Malware on Wine review

Marcel Partap mpartap at
Tue Feb 24 20:01:53 CST 2009

On 25/02/09 02:35, Chris Robinson wrote:
 > On Tuesday 24 February 2009 4:54:26 pm Ben Klein wrote:
 >>  "Unsolicited" files will get +x with default mount options on 
 >>  partitions, because ALL files on such partitions get +x this way.
 > You have to mount a partition to get access to its files. A 
partition normally
 > doesn't mount itself, unless you had previously set it up to do so. 
As such,
 > you're actively trying to get the files.. they aren't just given to you
 > without warning.
Actually, nowadays there are most sophisticated technical solutions 
which mount on a single click. No warning, no options.
 >>  I would at least like to see Wine respect noexec, if possible. I
 >>  understand concerns about Wine respecting +x, due mainly to CD-based
 >>  installers that may or may not have +x set on the files, but I think
 >>  it would also be the *correct* thing to do.
 > The (no)exec mount options are for specifying whether the 
executable bit is
 > masked out or not. Filesystems like NTFS/FAT/ISO9660 do not have an 
 > bit (a shortcoming on their part), so it's always assumed to be on; the
 > (no)exec options, in turn, control whether or not the the bit gets 
 > out (ie. it determines whether the files get +x or not). To honor 
 > means Wine should honor +x.
 > If a user is trying to execute a program on a CD that's not +x, 
they mounted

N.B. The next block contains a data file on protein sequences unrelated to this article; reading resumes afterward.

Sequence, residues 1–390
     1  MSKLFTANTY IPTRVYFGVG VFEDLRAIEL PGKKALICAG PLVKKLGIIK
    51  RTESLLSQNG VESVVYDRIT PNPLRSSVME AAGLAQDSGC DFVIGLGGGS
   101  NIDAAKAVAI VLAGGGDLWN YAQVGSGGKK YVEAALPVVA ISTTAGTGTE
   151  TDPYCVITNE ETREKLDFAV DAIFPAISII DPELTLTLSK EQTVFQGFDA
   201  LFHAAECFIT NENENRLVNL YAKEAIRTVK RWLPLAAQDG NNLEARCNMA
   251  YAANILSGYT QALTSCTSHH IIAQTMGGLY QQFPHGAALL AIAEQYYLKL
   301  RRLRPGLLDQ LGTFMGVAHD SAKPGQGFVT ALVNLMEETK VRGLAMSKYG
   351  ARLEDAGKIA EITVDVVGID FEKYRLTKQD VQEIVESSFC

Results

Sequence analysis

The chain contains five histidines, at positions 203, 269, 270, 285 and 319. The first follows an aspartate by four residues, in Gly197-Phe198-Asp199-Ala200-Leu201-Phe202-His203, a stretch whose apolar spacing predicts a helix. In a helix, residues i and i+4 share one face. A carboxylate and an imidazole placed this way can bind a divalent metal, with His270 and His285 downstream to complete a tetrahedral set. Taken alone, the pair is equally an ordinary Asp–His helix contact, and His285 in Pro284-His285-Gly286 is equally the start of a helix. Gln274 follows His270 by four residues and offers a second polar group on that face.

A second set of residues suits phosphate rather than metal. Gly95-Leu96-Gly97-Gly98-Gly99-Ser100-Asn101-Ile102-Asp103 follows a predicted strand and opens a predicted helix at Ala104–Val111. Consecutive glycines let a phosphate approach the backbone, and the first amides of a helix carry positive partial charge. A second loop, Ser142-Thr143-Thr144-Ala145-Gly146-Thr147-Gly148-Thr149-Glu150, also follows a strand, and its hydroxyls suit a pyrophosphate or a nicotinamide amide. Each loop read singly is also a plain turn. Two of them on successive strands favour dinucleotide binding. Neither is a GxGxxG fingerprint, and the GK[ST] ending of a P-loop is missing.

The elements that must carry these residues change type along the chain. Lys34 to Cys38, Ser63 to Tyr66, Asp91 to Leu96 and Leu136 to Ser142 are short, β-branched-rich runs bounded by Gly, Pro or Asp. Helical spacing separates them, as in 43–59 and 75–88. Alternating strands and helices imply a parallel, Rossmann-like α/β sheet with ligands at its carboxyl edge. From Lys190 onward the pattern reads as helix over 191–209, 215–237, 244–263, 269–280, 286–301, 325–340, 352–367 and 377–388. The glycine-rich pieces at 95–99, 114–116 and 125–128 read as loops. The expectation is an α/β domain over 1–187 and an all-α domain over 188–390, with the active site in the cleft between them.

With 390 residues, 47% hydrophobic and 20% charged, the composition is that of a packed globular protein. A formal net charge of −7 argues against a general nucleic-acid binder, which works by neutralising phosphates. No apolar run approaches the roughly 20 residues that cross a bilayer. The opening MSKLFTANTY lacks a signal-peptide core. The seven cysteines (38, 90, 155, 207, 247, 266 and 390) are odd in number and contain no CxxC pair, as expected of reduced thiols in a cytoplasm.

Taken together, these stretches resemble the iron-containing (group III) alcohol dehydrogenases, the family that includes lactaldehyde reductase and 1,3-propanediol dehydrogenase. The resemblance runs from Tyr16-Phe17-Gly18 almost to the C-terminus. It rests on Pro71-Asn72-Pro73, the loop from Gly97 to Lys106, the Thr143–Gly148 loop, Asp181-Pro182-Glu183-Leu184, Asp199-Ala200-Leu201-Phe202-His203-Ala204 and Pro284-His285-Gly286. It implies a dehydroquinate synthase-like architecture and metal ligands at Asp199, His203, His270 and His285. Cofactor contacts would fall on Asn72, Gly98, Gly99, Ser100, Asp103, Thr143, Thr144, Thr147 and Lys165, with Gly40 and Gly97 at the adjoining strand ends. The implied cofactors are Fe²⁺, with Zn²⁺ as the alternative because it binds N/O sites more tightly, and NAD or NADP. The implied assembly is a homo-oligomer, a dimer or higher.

> it wrong clicking on that shiny 'optical disc drive' icon.

 > (or the CD was made wrong).
uuhhm f.e. ISO9660 right?
 > I mean, assume it was a Linux program
 > they were trying to run on a CD instead of a Windows one. If the 
file doesn't
 > have +x, it won't run.
 > There's no reason a Windows program executed with Wine
 > should act differently than a Linux program executed directly.
..other than the fact that windows doesn't have the concept of an 
executable flag beyond the EXE extension. And wine as the linux 
executable that is actually being run *does* have the +x bit set... 
while i agree logically EXE files _should_ be flagged x aswell in 
practice requiring the flag ties wine's functionability to close to 
the randomness that is the user's choice of distrobution and its 
default mount options. Starting to require +x from the next release on 
is sure to break a lot of those systems.

  "Obstacles are those frightful things you see when you take
   your eyes off your goal."         -- Henry Ford (1863-1947)

   Change the world! Vote:

More information about the wine-devel mailing list